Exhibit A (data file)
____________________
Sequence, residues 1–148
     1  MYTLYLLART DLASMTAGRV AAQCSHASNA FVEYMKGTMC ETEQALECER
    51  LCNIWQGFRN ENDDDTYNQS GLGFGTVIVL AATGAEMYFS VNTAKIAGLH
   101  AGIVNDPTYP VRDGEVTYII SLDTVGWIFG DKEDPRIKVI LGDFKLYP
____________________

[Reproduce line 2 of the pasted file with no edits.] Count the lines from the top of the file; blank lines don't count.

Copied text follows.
     1  MYTLYLLART DLASMTAGRV AAQCSHASNA FVEYMKGTMC ETEQALECER